So you've been staring at those messy rows of books for days now. But styling a bookshelf so that it looks cool, calm and collected is actually relatively simple.
There’s something deeply satisfying about well-arranged bookshelves, so take some time to make sure yours are as pleasing as the stories contained on them.
In a world where multiple screens fight for our attention at all times and we are urged to be constantly connected, there is something calming and meditative about the unfleeting, sturdy presence of a shelf of books. It’s an implicit invitation to select a volume and spend time leafing through its pages, to delve into another world.
Whether you believe a bookshelf should be teeming with as many titles as possible, or you favour a more restrained, minimalist approach by keeping only those you truly love, there are ways to ensure you present your beloved collection in the best light.
Even if only very loosely, a good place to begin is to sort the books you want to keep, and then display. Size is a good category to start with, and you can then create sub-groups by colour or subject if you’re so inclined. They don’t have to match up exactly, but a slim little paperback is always going to be overshadowed, and somewhat invisible, if placed between two huge reference books.
Once you have organised them, the next step is to start placing your books onto the shelves. The shape and size of your shelves will partly dictate how you do this, but begin with larger books, as they are more dominating, and try to balance their placement so they are not all in one line.
You can also create interest with how they’re displayed. Vary between books stacked on top of each other horizontally, and traditional vertical rows. We all have a few books that we bought solely because they are beautifully bound or particularly visually striking, so make the most of these titles by displaying them flat with their covers facing out.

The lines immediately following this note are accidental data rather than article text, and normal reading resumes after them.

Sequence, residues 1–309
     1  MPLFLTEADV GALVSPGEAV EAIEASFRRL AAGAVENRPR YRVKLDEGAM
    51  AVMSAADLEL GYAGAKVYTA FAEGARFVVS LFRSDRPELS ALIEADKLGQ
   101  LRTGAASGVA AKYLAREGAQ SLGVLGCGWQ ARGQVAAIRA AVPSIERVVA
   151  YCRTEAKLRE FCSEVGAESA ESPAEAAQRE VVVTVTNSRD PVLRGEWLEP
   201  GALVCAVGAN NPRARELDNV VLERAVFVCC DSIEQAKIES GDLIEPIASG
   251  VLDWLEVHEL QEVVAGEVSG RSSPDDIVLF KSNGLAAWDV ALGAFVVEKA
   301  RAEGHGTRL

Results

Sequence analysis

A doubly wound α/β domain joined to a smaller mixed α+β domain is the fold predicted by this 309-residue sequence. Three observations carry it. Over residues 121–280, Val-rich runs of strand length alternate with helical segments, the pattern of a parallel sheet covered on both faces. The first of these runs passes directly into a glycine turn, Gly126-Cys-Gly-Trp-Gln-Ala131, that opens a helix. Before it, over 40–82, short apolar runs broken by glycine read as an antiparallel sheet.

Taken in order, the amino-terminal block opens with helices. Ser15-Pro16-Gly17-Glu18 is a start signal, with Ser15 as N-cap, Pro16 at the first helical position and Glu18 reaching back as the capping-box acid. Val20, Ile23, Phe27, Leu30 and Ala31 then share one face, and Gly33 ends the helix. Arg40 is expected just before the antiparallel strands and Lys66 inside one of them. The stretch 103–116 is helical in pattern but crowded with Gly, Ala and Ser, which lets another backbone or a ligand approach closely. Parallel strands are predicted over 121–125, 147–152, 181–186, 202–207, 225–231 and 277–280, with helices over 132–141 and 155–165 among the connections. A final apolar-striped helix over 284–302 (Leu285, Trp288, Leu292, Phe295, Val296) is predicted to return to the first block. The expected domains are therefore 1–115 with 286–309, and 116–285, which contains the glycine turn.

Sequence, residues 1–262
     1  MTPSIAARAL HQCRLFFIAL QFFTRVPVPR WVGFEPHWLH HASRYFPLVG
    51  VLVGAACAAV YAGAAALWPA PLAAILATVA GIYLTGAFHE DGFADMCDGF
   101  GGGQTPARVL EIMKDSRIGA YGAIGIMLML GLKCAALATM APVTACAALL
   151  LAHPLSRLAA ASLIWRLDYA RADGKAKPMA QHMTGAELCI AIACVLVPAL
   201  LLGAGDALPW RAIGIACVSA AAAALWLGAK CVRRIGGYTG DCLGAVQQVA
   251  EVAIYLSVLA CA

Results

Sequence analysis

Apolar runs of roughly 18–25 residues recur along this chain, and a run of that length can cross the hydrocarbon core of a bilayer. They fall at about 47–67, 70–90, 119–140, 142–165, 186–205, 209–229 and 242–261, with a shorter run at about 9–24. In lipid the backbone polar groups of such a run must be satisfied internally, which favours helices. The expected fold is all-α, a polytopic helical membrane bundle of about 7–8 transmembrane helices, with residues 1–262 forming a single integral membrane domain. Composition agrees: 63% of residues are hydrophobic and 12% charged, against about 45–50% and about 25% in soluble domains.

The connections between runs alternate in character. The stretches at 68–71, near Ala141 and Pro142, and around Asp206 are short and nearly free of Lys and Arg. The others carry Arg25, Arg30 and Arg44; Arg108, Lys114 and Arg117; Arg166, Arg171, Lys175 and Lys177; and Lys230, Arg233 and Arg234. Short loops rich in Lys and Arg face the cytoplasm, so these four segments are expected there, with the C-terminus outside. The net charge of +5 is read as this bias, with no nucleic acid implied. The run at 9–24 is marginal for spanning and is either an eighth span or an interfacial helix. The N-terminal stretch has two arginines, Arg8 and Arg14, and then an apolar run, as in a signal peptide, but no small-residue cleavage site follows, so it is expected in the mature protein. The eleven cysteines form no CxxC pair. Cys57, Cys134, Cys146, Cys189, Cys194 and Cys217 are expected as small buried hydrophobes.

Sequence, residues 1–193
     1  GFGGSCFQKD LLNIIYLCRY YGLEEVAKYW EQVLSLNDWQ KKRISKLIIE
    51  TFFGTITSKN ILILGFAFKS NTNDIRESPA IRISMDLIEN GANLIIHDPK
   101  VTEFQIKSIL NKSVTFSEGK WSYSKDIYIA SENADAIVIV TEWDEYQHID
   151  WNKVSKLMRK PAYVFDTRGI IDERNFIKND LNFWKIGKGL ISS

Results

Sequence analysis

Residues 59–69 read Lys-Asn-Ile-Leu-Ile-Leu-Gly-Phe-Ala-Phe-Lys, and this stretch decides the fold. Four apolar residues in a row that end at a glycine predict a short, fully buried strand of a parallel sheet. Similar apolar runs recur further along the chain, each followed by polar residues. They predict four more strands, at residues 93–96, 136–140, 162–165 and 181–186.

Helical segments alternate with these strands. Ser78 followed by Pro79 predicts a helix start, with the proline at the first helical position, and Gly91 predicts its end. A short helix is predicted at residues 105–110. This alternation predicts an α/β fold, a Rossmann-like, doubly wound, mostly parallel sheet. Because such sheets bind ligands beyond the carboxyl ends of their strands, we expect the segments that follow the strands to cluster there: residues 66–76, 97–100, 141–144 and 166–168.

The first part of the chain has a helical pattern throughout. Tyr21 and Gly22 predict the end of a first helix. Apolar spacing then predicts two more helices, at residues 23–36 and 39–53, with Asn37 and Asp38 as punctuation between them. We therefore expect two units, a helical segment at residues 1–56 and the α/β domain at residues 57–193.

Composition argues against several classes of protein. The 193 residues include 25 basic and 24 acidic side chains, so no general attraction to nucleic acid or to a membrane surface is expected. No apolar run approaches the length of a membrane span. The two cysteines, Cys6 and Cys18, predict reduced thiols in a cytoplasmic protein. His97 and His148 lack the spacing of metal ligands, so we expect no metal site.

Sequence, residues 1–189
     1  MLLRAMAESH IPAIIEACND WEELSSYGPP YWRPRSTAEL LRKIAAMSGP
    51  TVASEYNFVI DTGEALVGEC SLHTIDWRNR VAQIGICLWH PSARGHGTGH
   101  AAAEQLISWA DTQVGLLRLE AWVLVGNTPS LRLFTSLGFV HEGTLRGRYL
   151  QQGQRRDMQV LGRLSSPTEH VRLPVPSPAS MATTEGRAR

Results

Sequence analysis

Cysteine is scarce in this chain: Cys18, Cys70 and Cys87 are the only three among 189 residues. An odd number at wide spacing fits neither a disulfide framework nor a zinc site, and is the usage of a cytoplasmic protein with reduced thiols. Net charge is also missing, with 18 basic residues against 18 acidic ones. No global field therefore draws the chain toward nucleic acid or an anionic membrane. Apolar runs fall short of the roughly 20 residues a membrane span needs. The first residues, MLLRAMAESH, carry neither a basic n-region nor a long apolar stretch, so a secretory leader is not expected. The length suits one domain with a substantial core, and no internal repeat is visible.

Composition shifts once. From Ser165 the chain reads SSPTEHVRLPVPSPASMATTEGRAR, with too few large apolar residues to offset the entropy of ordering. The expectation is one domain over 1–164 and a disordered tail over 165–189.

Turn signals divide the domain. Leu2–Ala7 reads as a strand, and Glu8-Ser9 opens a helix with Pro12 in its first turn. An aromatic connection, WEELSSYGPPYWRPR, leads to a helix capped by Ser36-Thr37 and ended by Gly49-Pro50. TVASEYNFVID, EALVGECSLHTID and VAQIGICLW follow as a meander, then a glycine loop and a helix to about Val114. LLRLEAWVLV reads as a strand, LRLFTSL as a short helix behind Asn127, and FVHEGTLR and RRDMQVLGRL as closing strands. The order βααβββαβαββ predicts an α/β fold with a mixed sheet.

Another way to create variation is to think about things other than the books themselves. For a very precise, minimalist look, include distinct spaces between groups. You can add variety with decorative objects like vases, jugs and ornaments, which can also be used in place of bookends. If you’re grouping them remember that, on a visual level, we’re more drawn to odd-numbered collections: think threes or fives rather than the overly symmetrical twos or fours.
Art can also be incorporated, with smaller pieces sitting on shelves, or larger ones propped against them. It doesn’t have to be an epic piece: anything from a beautiful print to a favourite vinyl cover or postcard collection will instantly add some personality. Potted plants also add contrasting shapes and textures to the straight lines of book after book, but don’t forget a saucer, unless you like soggy books.
Finally, take some time to edit. Stand back and look at the shelves as a whole. Taking a picture can be a good way to see how it all works together. Is there anything that sticks out too much, or does it all look a bit cluttered? Add, remove and rearrange things until you’re happy. Then, the only thing left to do is select a title, make a cup of tea, and retire to a nearby chair.
This article was originally published in February 2023.